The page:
The Pauline Year has just ended. Why do you put so much energy into organising cultural events around the figure of Saint Paul and pilgrimages to the places where he lived in Turkey?
Saint Paul is the source of opportunities we cannot miss. I say this thinking especially about Christians who live in Turkey. For example, the arrival of pilgrims for the Pauline Year raised greater awareness among Turkish authorities about religious tourism. We have had more than 470 groups come to Tarsus, a total of 29,000 pilgrims, not to mention those who came on their own . . . . It is important to preserve the memory of Saint Paul where he was born; however, there is nothing there to remember him; absolutely nothing. It is vital for the local population, because the constant presence of Christian pilgrims gives Christianity a certain visibility, but also for Christians who, when they see these places, are in a better position to understand Paul’s hard work and what it means to be a missionary in this land.
What does it mean for you? What does it mean today to be priest and a bishop in Turkey?
It is hard. Not only are we few in numbers, but we are also unevenly spread out. Except for two bishops, the other five live in Istanbul. And the distances to cover are huge. Our pastoral work in Anatolia is practically concentrated in the south; in the North, there are a couple of communities, with a minimal Christian presence. Yet, we do try to maintain a Christian presence. In Trabzon for example, where Fr Andrea Santoro was killed, there is a tiny community; there are also some Georgians and Orthodox Christians who join the liturgy, also because ours are the only churches that have stayed opened on the Turkish side of the Black Sea.
What do you exactly mean when you say that it is important to maintain a presence? In what way does it matter to stay with so few people, alone, among a mass of people who appear to be indifferent, if not outright hostile . . . .
The problem for those who come to Turkey is, except for the big cities, to be a presence, a witness, with much less pastoral activity because of the size. Our mission is one of presence, even though it is better to avoid the term “mission” because the word itself can be easily misunderstood in Turkey. Those who do not know its Christian meaning are afraid of it. In Turkish, the word mission is seen right away in colonialist terms. Let us not forget that Christianity here is viewed as a foreign body, which in the past threatened or weakened the country’s identity. Turkish unity was achieved on the back of minorities, who had to give up their languages and culture in favour of a single Turkish national identity.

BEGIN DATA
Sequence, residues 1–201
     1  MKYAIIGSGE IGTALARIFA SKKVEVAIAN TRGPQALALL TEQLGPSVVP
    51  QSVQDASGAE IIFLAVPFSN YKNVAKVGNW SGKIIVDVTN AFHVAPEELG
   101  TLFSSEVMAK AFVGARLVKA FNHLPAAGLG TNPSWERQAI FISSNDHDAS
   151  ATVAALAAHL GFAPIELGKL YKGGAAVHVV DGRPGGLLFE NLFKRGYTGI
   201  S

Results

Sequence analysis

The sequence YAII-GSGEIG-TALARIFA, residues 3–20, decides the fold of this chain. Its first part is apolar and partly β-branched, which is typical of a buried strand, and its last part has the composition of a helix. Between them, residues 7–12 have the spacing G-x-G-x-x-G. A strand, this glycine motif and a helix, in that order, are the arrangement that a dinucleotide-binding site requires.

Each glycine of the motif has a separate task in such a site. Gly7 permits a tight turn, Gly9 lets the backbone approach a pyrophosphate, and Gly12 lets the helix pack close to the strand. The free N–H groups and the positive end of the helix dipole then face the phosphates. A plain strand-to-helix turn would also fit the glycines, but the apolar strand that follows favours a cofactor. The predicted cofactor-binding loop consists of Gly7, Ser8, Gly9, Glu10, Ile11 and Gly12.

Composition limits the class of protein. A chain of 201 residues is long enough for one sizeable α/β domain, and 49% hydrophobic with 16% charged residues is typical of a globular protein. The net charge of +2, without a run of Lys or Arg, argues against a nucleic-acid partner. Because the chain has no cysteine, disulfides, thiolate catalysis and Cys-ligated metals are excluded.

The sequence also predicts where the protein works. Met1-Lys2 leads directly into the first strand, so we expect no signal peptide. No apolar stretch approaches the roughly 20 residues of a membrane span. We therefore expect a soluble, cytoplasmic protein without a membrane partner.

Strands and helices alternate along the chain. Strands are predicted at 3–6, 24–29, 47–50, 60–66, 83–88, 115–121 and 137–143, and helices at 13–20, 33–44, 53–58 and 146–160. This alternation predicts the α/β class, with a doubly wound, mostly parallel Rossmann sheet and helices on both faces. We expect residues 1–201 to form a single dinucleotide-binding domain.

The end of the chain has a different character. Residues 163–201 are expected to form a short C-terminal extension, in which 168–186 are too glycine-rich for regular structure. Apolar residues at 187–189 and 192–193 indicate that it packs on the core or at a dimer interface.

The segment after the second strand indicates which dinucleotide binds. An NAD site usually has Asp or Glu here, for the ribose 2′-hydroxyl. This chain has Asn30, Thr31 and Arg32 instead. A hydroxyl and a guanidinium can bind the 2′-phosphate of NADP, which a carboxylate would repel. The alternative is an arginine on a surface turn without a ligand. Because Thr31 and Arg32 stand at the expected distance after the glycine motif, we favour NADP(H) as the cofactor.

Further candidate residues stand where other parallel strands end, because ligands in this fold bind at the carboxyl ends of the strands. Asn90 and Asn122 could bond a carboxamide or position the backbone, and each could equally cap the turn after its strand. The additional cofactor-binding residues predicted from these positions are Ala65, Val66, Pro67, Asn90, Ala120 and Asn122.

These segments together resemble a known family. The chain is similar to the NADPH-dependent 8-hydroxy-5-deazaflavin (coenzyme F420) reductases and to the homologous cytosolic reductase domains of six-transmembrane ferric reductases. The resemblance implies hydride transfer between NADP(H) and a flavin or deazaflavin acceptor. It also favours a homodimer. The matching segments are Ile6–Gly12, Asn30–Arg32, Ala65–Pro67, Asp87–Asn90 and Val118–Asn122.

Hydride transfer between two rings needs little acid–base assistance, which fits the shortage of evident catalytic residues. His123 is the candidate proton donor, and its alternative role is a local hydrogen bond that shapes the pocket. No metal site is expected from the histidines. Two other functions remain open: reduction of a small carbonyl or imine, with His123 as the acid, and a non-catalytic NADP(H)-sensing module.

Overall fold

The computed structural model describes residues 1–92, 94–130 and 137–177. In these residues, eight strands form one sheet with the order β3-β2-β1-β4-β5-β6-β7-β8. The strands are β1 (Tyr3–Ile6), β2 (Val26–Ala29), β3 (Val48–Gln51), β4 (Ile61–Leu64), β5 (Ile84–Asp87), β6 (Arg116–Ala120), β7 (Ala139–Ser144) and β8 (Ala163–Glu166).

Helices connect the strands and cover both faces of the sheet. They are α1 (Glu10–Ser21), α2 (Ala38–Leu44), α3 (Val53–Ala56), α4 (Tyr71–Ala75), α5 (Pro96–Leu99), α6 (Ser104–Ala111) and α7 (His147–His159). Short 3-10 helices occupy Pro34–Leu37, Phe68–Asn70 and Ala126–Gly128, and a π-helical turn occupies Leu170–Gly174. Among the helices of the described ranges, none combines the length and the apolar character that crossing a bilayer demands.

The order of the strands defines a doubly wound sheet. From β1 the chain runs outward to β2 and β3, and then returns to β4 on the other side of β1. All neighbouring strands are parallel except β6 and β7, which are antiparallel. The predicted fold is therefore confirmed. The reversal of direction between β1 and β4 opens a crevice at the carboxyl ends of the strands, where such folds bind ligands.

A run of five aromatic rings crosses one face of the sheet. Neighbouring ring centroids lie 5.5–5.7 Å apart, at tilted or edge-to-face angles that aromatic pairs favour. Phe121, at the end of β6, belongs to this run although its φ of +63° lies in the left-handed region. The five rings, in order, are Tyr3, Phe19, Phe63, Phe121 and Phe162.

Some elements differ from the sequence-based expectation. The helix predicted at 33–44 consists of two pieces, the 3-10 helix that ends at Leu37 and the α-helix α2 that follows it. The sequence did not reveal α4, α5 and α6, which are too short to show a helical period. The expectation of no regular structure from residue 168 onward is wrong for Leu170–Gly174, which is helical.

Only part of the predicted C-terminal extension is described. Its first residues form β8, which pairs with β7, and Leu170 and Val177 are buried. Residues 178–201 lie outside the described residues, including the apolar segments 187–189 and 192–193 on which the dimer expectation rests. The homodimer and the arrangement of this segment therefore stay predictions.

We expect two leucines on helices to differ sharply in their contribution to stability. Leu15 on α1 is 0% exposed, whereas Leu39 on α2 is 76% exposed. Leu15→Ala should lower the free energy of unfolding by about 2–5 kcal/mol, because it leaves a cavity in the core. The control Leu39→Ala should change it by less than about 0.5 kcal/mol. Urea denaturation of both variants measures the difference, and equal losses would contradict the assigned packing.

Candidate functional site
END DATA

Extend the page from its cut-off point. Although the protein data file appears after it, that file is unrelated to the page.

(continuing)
What is the main problem faced by minorities?
The law is the problem. De facto, Catholics are a minority in Turkey, but the Catholic Church does not exist, legally speaking. In the wake of the Treaty of Lausanne of 1923, Turkish authorities recognised, arbitrarily in our view, only ethnic-religious minorities: Greek Orthodox, Armenians, Syriacs, Jews and even Bulgarians. These were and are recognised minorities. Given the fact that, unlike the other groups, the Catholic Church is not an ethnic-religious minority, it was not recognised. In reality however, Roman Catholics are present in the land. We have found a compromise that has led to the recognition of existing properties (churches, colleges, schools, charities, etc.). However, as a minority, we have never been recognised by the state and are not recognised even now. This is the source of many problems for us, because simultaneously we exist and do not exist.
In any event, even recognised ethnic-religious minorities face identical problems. Priests and bishops must be Turkish citizens, but since seminaries are closed and are not allowed to re-open, the future of these churches remains an open question. How will they continue to exist if there is no generational replacement in the country? Existing laws are progressively bringing about the death of Christianity. The problem is especially grim for Syriacs and Armenians, but also for the Orthodox. As you know, the Patriarch of Constantinople must be of Turkish nationality—he is chosen by the Synod among three possible candidates, but then who elects him is the governor of Istanbul.
In short, based on its definition of secularism, which should change in my view, the state keeps minorities under its tutelage.
What contributions are being made by Muslim currents that view secularism differently from that of the Turkish state? Can they bring Christians greater freedom?
Turkish-style secularism, which is at the foundation of the Turkish state, has shaped modern Turkey. Thanks to Atatürk, Turkey was remade without the burdens of the past. The country has become something very different from what it was when religion was all-powerful, and society was under its thumb, with a sultan who was also caliph and paramount religious authority. . . . Turkish secularism was a reaction to what came before. Atatürk’s ideal was French-style laïcité, in which religion and public affairs were clearly separate. In reality, the situation did not evolve in that direction. Turkish secularism is one of a kind because ultimately Turkey’s Sunni Islam, to which 75 per cent of Turks belong, is under direct state control. Turkey in fact has a Ministry of Religion, and a director of Religious Affairs who is directly accountable to the prime minister. Since religion is tied to the state, all community leaders, the muftis, are civil servants and paid by the state. This way, the state ensures that secular rule is maintained, and that religious leaders are chosen among individuals who are interested in maintaining the secular nature of the state, whilst performing the duties of their religious office as well. This is the situation in Turkey, where secularism means state control of religion.